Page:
Model-based estimation of myeloid hematopoietic progenitor cells in ex vivo cultures for cell and gene therapies

H. Yang, E. T. Papoutsakis, William M Miller*

*Corresponding author for this work

Research output: Contribution to journalArticlepeer-review

4 Scopus citations


Ex vivo production of hematopoietic progenitor cells has potential applications for cell therapy to alleviate cytopenias associated with chemotherapy and for gene therapy. In both therapies, progenitor and stem cells are considered crucial factors for therapeutic success. Assays for progenitor cells, however, take 2 weeks to complete, which is similar to the length of a typical culture. Therefore, a real-time estimation of the percentage or number of progenitor cells, based on rapid measurements, would be useful for optimization of feeding and harvest decisions. In this study, metabolic activity assays and flow cytometric analysis were used to estimate the content of progenitor cells. The measured metabolic activities are a collective contribution from all types of cells. Cells in granulomonocytic cultures have been lumped into six cell types and metabolic rates have been modeled as a linear function of cell composition and growth rate and as a nonlinear function of cell density. Data from 24 experiments were utilized to determine the model parameters in a calibration step. These data include flow cytometric analysis of more mature hematopoietic cells, progenitor cell colony assays, total cell content, and metabolite concentrations, and cover a wide range of cell composition, cell density, and growth rate. After calibration, the model is able to deliver good predictions of progenitor cell content for cultures with higher percentages of progenitor cells, as well as the peak progenitor cell content, based only on parameters that can be rapidly measured. With the aid of those predictions a harvest strategy was developed that will allow optimizing the harvest time based on the culture kinetics of each patient or donor inoculum, rather than using retrospective analysis to determine a uniform harvest time.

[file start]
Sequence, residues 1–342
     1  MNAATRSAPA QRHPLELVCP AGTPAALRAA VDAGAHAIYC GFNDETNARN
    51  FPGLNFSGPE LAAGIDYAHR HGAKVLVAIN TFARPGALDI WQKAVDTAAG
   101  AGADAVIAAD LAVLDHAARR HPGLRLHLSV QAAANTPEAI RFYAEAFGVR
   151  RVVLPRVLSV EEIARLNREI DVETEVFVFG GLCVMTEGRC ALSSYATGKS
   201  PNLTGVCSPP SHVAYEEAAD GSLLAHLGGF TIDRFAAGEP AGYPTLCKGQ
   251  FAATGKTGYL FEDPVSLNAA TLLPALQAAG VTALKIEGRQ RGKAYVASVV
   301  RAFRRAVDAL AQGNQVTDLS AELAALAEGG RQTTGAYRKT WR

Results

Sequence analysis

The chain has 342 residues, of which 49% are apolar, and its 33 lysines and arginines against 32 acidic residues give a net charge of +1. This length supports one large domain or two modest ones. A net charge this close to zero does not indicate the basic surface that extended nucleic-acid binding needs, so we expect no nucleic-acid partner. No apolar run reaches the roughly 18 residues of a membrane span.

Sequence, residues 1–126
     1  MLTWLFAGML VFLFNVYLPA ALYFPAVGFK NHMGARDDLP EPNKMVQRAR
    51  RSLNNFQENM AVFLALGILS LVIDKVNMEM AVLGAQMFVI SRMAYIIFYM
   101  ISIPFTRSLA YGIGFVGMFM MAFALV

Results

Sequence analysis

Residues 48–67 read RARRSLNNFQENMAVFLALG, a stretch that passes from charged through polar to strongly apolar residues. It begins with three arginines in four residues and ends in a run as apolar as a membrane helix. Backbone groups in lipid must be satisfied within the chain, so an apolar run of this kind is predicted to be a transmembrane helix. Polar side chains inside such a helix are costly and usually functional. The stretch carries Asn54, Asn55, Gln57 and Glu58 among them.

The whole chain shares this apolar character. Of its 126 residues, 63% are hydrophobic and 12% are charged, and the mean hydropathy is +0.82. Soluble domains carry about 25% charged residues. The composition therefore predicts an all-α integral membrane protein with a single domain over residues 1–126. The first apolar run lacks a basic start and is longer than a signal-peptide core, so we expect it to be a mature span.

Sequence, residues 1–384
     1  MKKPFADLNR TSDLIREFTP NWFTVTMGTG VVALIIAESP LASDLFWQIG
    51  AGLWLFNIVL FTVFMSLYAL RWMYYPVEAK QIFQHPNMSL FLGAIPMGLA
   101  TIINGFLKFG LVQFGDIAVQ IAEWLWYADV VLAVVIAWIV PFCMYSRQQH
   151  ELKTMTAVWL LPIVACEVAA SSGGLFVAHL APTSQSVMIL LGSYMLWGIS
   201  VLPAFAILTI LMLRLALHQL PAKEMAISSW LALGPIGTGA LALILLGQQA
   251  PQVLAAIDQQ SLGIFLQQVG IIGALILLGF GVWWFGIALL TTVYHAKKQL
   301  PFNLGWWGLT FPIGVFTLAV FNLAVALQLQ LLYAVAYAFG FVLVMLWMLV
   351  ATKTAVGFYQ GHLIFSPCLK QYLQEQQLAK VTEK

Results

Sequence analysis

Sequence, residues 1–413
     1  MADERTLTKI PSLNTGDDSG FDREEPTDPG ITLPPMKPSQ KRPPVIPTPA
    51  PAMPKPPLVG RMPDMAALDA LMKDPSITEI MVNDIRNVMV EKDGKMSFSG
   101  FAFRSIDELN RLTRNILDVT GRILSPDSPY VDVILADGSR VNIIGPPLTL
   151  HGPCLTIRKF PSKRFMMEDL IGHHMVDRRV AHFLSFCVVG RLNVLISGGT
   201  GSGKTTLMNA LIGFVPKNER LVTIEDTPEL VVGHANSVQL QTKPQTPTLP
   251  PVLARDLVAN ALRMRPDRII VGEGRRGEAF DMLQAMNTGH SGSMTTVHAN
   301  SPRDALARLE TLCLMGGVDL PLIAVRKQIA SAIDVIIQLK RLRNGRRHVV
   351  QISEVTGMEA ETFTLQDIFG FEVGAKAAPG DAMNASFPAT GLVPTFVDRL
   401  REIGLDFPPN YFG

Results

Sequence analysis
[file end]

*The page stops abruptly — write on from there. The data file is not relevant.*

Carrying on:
Original languageEnglish (US)
Pages (from-to)144-155
Number of pages12
JournalBiotechnology and Bioengineering
Issue number2
StatePublished - Jan 7 2001


  • Chemometric modeling
  • Ex vivo hematopoietic culture
  • Harvest strategy
  • Metabolic activities
  • Prediction of %CFC

ASJC Scopus subject areas

  • Biotechnology
  • Bioengineering
  • Applied Microbiology and Biotechnology

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